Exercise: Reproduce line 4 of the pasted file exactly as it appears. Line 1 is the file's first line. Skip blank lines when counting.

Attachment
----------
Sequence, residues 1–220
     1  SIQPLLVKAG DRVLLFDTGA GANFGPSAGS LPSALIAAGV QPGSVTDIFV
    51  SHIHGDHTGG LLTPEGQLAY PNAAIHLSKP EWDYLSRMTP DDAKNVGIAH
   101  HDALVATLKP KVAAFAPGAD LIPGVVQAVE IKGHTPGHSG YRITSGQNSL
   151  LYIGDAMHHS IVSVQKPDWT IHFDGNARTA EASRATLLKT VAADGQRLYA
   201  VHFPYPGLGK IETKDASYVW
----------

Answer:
   101  HDALVATLKP KVAAFAPGAD LIPGVVQAVE IKGHTPGHSG YRITSGQNSL